Donders Institute for Brain, Cognition and Behaviour
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Thesis defense Giuseppe Manfré (Donders series 324)

6 July 2018

Promotor: prof. dr. B. Roozendaal
Copromotors: dr. J. Homberg, dr. J. van der Harst

Pheno-Ratting: towards the Characterization of Motor and Psychiatric Phenotypes in the BACHD Rat Model of Huntington Disease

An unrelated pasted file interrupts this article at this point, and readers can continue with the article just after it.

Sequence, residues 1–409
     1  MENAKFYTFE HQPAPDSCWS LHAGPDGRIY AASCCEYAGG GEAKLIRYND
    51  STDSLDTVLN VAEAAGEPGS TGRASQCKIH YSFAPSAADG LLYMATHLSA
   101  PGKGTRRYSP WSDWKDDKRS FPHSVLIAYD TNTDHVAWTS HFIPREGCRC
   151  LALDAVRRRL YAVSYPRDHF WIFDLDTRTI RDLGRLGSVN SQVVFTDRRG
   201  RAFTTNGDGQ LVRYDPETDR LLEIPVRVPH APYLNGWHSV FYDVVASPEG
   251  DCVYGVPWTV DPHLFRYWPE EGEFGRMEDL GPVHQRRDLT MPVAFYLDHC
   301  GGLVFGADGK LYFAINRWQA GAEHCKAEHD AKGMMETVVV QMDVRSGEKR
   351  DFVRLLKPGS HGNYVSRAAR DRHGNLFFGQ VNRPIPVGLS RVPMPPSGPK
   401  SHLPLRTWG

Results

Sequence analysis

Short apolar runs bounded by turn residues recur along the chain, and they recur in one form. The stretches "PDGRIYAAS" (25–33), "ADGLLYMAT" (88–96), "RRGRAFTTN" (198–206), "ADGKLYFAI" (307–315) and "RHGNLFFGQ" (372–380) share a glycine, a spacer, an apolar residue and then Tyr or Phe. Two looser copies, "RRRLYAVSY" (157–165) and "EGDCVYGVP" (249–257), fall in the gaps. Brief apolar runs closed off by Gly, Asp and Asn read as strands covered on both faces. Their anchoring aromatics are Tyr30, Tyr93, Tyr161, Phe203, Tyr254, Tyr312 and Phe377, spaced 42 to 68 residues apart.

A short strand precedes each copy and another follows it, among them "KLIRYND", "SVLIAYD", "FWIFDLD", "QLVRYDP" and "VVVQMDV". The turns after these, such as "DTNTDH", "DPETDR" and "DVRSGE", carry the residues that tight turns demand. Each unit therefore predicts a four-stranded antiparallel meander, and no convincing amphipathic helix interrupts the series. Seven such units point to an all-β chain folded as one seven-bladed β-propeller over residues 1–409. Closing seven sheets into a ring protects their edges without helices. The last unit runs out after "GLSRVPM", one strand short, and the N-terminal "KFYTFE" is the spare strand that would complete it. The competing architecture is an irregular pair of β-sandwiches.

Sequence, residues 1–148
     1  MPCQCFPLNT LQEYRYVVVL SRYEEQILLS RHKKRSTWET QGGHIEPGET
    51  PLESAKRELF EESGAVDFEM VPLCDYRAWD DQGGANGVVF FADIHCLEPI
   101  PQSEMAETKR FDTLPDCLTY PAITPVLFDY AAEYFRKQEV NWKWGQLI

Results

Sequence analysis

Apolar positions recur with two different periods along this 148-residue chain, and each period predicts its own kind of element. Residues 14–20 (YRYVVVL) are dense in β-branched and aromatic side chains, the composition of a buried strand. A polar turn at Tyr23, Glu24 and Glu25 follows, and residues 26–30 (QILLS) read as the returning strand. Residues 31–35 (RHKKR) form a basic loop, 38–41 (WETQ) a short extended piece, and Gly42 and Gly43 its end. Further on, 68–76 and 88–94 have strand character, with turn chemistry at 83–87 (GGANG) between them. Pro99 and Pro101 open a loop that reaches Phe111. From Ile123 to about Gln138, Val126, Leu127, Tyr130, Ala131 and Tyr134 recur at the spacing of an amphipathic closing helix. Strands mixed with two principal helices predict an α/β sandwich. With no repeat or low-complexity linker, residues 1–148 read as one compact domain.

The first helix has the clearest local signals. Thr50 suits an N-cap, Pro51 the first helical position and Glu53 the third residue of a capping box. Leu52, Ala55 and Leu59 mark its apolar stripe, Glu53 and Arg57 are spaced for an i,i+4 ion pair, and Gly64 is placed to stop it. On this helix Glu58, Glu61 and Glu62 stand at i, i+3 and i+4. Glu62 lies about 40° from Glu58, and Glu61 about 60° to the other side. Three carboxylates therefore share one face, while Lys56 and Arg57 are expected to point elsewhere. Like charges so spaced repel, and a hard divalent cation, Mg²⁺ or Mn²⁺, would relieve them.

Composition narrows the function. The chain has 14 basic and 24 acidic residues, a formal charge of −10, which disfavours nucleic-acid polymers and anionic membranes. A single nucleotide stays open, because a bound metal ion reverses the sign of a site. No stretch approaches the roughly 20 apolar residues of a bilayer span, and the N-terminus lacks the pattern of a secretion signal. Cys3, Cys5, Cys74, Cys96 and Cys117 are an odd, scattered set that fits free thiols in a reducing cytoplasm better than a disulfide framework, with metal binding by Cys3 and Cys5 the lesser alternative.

Neuropsychiatric and neurological disorders constitute a major health problem in Europe, and their impact on public health and society is increasing with the aging of the population. In 20061 the World Health Organization estimated that neurological disorders, rang i ng from epi Ie psy to Alzheimer d i sease, fro m stroke to h ead ache d isord ers1 affect up to one billion people worldwide. One particularly relevant neurological disorder in the framework of the foregoing concerns is Huntington disease {HD). HD is an autosomal-dominantly inherited, fatal, neu­rodegenerative disorder. lt is caused by an unstable, expanded CAG base triplets in the coding region of the Huntingtin gene (HTT)1 resulting in an abnormal polyglutamine sequence in the huntingtin protein {htt). HD patients typically suffer from a triad of movement, psychiatrie and cognitive symptoms. The on set of the symptoms1 that can va ry be twee n i nd ivi d ua Is and affected mem be rs of the sam e fam i ly, usual I y occ u rs in mid-adulthood {30-40 years old)1 but the on set of disease may be earlier or later in life. The diagnosis of adult-onset HD typically involves involuntary motor abnormalities and chorea that aften decrease in a late stage1 when parkinsonism, dystonia and rigidity dominate. In the early stages patients have deficits in executive system functioning, short-term memory and visuospatial functioning. The later stages are characterized by bradykinesia, spasticity, dysarthria, dysphagia and incontinence. In addition to motor abnormalities, cognitive decline and personality changes are part of HD, and, like motor impairments, they deteriorate gradually. Additionally, cognitive deficits progress to more widespread global subcortical dementia with apathy1 impulsiveness and depression, resulting in a negative impact in social life and interpersonal relations. Less common are delusional depression or schizophrenia-like-psychosis, which might require psychiatrie treatment Since the discovery of the HTTmutation 25 years ago, more than 13,000 papers have been published on HD, approximately half of which re late to attempts to model various aspects of the disease. Thus, despite the considerable progress in our understanding of the disease, an effective treatment that either prevents or slows the pace of HD remains out of reach. The slow rate of progression of HD often necessitates lengthy and therefore costly clinical trials. In addition, the number of patients with HD who are available to participate in such trials is limited, which means that a relatively small numb er of compounds can be tested every time. Therefore, one of the most important challenges for finding more effective drugs for bra in disorders is the development of model systems that translate to human pathology and are predictive of clinical efficacy. Accordingly, part of that research effort involves identifying suitable ani mal mode Is that provide a valid representation of the pathological and behavioral profile of the human disease and that can serve for the identification of therapeutic candidates and navel approaches to therapy.